# A tricky integral using Fourier Transform and Dirac-functions

I need to calculate the following integral: $$\boxed{I= \int_{0^+}^{t} \int_0^\infty f'(t')\, \omega^2 \cos(\omega(t'-t))\, d\omega\, dt'}$$

where $$t>0$$, $$t' \in (0,t]$$ and $$f'(x)$$ is the derivative of the function $$f$$.

My attempt:
First I define

$$A= \int_0^\infty \omega^2\cos(\omega \, a) \, d\omega$$ using the fact that $$\omega^2\cos(\omega \, a)$$ is even in $$\omega$$, $$A= \frac{1}{2} \int_{-\infty}^{\infty} \omega^2\cos(\omega \, a) d\omega$$ expressing the cosine as a sum of exponentials, $$A= \frac{1}{4}\int_{-\infty}^{\infty} \omega^2 \left[ e^{-i \omega (-a)}+e^{-i \omega a}\right] d\omega$$

The Fourier transform of a polynomial is given in: https://en.wikipedia.org/wiki/Fourier_transform#Distributions,_one-dimensional

$$\int_{-\infty}^{\infty} x^n e^{-i \nu x} dx = 2 \pi i^n \delta^{(n)}(x)$$

where $$\delta^{(n)}(x)$$ is the n-th derivative of the Dirac-delta distribution.

Therefore, $$A= - \frac{\pi}{2} \left[ \delta^{(2)}(-a) + \delta^{(2)}(a)\right].$$

In this page: https://mathworld.wolfram.com/DeltaFunction.html we can check equation (17), which states that $$x^n \delta^{(n)}(x)= (-1)^n n! \delta(x)$$, which we can use to deduce that $$\delta^{(2)}(x)$$ is "even". We conclude that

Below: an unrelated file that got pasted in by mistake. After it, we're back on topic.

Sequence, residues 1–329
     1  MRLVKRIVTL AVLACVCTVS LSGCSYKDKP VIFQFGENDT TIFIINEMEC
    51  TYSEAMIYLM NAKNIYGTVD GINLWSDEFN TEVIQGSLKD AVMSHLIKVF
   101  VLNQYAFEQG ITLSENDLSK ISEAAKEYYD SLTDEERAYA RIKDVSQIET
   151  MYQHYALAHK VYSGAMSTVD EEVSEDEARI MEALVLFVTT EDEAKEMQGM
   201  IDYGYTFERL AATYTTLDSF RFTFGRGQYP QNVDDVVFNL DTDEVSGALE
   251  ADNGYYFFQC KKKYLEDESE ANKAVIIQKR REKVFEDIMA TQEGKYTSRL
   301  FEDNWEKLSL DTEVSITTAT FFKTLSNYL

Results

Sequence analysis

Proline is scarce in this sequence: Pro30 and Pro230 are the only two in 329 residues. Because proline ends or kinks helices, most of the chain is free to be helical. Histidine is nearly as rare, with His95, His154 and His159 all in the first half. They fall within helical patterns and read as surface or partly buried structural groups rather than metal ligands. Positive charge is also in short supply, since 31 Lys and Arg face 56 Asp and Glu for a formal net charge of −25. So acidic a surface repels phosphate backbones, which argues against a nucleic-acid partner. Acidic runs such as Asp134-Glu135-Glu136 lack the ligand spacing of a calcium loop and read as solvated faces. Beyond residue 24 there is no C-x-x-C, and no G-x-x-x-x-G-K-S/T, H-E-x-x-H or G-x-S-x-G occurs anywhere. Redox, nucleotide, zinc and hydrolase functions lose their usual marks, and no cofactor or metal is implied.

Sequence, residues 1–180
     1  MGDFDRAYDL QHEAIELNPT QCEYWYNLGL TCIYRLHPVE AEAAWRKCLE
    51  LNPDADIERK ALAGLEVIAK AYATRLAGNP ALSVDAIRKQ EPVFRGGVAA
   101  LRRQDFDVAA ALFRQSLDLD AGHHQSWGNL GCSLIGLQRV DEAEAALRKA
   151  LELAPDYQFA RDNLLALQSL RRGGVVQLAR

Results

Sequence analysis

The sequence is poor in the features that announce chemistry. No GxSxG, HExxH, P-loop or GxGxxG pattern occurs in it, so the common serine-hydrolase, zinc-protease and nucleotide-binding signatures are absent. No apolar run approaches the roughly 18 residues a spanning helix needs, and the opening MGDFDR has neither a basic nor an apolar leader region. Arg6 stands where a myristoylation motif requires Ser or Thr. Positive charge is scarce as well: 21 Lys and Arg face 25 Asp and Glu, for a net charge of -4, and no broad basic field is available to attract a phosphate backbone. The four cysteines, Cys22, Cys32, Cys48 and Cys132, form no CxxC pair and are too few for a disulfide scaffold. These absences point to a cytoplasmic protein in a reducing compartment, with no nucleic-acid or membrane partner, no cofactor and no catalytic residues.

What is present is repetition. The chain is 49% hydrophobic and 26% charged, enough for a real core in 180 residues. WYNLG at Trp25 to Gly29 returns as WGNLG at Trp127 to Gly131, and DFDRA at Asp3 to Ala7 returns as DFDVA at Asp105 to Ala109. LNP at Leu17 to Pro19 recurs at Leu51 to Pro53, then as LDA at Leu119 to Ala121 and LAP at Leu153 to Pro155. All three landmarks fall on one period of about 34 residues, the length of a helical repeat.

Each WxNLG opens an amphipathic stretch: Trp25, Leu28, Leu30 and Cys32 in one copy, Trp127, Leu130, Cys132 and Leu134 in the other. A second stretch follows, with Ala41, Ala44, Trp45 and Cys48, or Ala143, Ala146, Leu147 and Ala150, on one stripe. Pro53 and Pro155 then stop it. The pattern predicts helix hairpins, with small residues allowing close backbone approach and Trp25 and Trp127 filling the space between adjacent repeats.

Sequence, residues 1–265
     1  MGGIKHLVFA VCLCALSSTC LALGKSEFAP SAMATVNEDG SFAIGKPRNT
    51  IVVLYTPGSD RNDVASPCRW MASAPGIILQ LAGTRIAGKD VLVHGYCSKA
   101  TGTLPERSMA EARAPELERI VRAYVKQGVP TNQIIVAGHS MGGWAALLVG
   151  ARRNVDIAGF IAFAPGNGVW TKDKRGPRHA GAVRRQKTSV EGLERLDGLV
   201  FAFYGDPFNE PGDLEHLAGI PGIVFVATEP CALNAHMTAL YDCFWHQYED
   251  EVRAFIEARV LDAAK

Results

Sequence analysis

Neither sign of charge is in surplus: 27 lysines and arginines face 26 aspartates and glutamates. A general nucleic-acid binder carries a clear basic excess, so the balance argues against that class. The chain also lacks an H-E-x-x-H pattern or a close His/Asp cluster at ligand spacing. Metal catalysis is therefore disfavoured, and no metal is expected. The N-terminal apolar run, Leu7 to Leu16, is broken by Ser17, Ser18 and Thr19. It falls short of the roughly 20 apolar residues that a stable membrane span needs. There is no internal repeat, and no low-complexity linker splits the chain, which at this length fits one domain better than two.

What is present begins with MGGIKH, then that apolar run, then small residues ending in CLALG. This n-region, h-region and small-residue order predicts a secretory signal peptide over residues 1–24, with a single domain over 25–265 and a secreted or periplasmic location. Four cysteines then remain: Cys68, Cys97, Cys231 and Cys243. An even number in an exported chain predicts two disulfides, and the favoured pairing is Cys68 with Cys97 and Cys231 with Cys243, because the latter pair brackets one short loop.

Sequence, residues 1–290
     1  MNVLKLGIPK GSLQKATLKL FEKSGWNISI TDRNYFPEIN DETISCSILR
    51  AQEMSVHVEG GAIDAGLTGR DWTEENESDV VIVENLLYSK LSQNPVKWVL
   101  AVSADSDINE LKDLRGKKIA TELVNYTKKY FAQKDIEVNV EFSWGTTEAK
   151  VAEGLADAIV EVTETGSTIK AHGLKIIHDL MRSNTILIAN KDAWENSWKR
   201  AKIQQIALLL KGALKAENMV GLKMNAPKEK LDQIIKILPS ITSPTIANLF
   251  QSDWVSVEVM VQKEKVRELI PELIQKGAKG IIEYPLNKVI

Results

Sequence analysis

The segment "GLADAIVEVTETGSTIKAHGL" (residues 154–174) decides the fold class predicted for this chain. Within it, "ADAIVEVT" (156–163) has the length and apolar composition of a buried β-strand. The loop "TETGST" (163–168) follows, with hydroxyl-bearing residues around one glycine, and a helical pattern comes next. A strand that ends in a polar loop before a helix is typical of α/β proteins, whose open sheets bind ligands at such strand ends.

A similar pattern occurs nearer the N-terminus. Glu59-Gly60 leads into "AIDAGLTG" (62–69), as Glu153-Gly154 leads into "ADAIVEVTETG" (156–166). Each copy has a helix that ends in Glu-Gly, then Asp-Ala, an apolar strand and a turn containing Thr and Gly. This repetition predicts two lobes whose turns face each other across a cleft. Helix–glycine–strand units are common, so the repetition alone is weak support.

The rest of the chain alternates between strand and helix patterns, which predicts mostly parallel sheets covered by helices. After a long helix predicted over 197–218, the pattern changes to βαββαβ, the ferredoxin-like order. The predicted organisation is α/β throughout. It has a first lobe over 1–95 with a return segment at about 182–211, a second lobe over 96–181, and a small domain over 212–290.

$$A= \int_0^\infty \omega^2\cos(\omega \, a) \, d\omega = - \pi \delta^{(2)}(a).$$

Using this result in $$I$$, $$I= - \pi \int_{(0^+,t]} f'(t') \delta^{(2)}(t'-t) dt'$$ after this, I am stuck, I am supposed to prove that $$I= -\pi \left[ - f''(t) \delta(0) + \frac{1}{2} f'''(t)\right]$$ but can not figure how.

• Try integrating by parts twice. Commented Jul 10, 2020 at 20:25
• @JeanMarie I tried to integrate by parts, but I can't get the right result Commented Jul 11, 2020 at 2:49

Note that we have

$$\omega^2 \cos(\omega(t'-t))=-\frac{d^2\cos(\omega(t'-t))}{dt'^2}=-\frac{d^2\cos(\omega(t'-t))}{dt^2}$$

Under the assumption that $$f(t)$$ is a suitable test function, we have in distribution for $$t>0$$

\begin{align} F^+(t)&=\lim_{\varepsilon\to0^+}\int_0^{t+\varepsilon} \int_0^\infty f'(t')\omega^2 \cos(\omega(t'-t))\,d\omega\,dt'\\\\ &=-\frac12\lim_{\varepsilon\to0^+}\int_0^{t+\varepsilon} f'(t')\frac{d^2}{dt'^2}\int_{-\infty}^\infty \cos(\omega(t'-t))\,d\omega\,dt'\\\\ &=-\frac12 \lim_{\varepsilon\to0^+}\int_0^{t+\varepsilon} f'(t')\frac{d^2}{dt'^2}\left(2\pi \delta(t'-t)\right)\,dt'\\\\ &=-\pi f'''(t)\tag1 \end{align}

while

\begin{align} F^-(t)&=\lim_{\varepsilon\to0^+}\int_0^{t-\varepsilon} \int_0^\infty f'(t')\omega^2 \cos(\omega(t'-t))\,d\omega\,dt'\\\\ &=-\frac12\lim_{\varepsilon\to0^+}\int_0^{t-\varepsilon} f'(t')\frac{d^2}{dt'^2}\int_{-\infty}^\infty \cos(\omega(t'-t))\,d\omega\,dt'\\\\ &=-\frac12 \lim_{\varepsilon\to0^+}\int_0^{t-\varepsilon} f'(t')\frac{d^2}{dt'^2}\left(2\pi \delta(t'-t)\right)\,dt'\\\\ &=0\tag2 \end{align}

Alternatively, we can write

\begin{align} \int_0^{t^+} \int_0^\infty f'(t')\omega^2 \cos(\omega(t'-t))\,d\omega\,dt'&=\frac12\int_0^{t^+} f'(t') \int_{-\infty}^\infty \omega^2 e^{i\omega(t'-t)}\,d\omega\,dt'\\\\ &=\frac12\int_0^{t^+} f'(t') (-2\pi \delta''(t'-t))\\\\ &=-\pi f'''(t) \end{align}

in agreement with $$(1)$$, while